The new meta-DNA self-assembly concept may totally transform the microscopic world of structural DNA nanotechnology. Decades ago a huge milestone in DNA technology was the invention of DNA origami, where a long single-stranded DNA is folded into designated shapes with the help of hundreds of short DNA staple strands. DNA nanotechnology had challenges assembling larger (micron to millimeter) sized DNA architectures. The new micron-size structures are on the order of the width of a human hair, which is 1,000 times larger than the original DNA nanostructures.
In the future, more complicated circuits, molecular motors and nanodevices could be rationally designed using M-DNA and used in applications related to biosensing and molecular computation. This research will make the creation of dynamic micron-scale DNA structures, that are reconfigurable upon stimulation, significantly more feasible.
These structures may be used as a scaffold for patterning complex functional components that are larger and more complex than previously thought possible. This discovery may also lead to more sophisticated and complex behaviors that mimic cell or cellular components with a combination of different M-DNA-based hierarchical strand displacement reactions.
The Meta-DNA’ (M-DNA) strategy allows various submicrometer- to micrometer-size DNA structures to self-assemble in a manner similar to how simple short DNA strands self-assemble at the nanoscale level. The group demonstrated that a six-helix bundle DNA origami nanostructure in the submicrometer scale (meta-DNA) could be used as a magnified analog of single-stranded DNA, and that two meta-DNAs containing complementary “meta-base pairs” could form double helices with programmed handedness and helical pitches.
Using meta-DNA building blocks, they have constructed a series of submicrometer- to micrometer-scale DNA architectures, including meta-multi-arm junctions, 3D polyhedrons, and various 2D/3D lattices. They also demonstrated a hierarchical strand-displacement reaction on meta-DNA to transfer the dynamic features of DNA to the meta-DNA.
They used a coarse-grained computational model of the DNA to simulate the double-stranded M-DNA structure and to understand the different yields of left-handed and right-handed structures that were obtained.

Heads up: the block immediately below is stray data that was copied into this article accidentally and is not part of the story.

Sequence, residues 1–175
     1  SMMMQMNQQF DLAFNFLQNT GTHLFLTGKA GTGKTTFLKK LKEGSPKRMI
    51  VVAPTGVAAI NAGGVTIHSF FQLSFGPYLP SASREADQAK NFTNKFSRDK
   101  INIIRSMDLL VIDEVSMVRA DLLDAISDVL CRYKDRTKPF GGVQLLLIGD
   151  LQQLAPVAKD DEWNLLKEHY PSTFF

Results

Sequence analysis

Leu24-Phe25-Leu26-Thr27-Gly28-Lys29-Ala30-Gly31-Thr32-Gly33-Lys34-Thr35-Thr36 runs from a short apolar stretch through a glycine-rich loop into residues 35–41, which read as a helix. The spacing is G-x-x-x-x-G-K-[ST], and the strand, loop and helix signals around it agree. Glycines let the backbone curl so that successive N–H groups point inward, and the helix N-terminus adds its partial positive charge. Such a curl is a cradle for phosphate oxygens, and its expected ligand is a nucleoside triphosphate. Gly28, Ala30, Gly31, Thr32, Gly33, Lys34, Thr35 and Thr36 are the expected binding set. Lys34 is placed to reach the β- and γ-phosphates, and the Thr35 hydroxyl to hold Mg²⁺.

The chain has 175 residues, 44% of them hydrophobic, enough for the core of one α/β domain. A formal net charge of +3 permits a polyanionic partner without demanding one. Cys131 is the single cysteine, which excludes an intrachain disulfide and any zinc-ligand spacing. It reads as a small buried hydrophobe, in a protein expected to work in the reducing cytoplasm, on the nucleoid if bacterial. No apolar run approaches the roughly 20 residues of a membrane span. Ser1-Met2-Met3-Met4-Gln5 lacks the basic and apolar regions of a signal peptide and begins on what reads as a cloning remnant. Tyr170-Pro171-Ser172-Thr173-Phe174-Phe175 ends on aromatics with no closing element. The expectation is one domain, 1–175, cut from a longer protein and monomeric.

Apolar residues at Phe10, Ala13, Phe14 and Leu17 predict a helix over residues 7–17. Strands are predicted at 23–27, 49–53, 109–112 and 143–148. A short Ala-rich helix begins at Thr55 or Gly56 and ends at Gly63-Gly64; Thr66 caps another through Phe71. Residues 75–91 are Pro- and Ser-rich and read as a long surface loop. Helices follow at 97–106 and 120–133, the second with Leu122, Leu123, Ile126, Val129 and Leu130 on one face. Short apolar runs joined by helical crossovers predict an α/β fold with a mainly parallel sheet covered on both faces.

Changing the local flexibility of the individual M-DNA and their interactions, they were able to build a series of submicrometer- or micron-scale DNA structures from 1D to 3D with a wide variety of geometric shapes, including meta-junctions, meta-double crossover tiles, tetrahedrons, octahedrons, prisms and six types of closely packed lattices.
Models and transmission electron microscopy images of various 3D polyhedra that were constructed by connecting the self-linked triangular M-DNA and rectangular M-DNA. From left to right: a tetrahedron, triangular bipyramid, octahedron, pentagonal bipyramid, triangular prism, rectangular prism, pentagonal prism and hexagonal prism.
DNA origami has emerged as a highly programmable method to construct customized objects and functional devices in the 10–100 nm scale. Scaling up the size of the DNA origami would enable many potential applications, which include metamaterial construction and surface-based biophysical assays. Here we demonstrate that a six-helix bundle DNA origami nanostructure in the submicrometre scale (meta-DNA) could be used as a magnified analogue of single-stranded DNA, and that two meta-DNAs that contain complementary ‘meta-base pairs’ can form double helices with programmed handedness and helical pitches. By mimicking the molecular behaviours of DNA strands and their assembly strategies, we used meta-DNA building blocks to form diverse and complex structures on the micrometre scale. Using meta-DNA building blocks, we constructed a series of DNA architectures on a submicrometre-to-micrometre scale, which include meta-multi-arm junctions, three-dimensional (3D) polyhedrons, and various 2D/3D lattices. We also demonstrated a hierarchical strand-displacement reaction on meta-DNA to transfer the dynamic features of DNA into the meta-DNA. This meta-DNA self-assembly concept may transform the microscopic world of structural DNA nanotechnology.
SOURCES- Nature Chemistry, University of Arizona
Written By Brian Wang, Nextbigfuture.com
Brian Wang is a Futurist Thought Leader and a popular Science blogger with 1 million readers per month. His blog Nextbigfuture.com is ranked #1 Science News Blog. It covers many disruptive technology and trends including Space, Robotics, Artificial Intelligence, Medicine, Anti-aging Biotechnology, and Nanotechnology.
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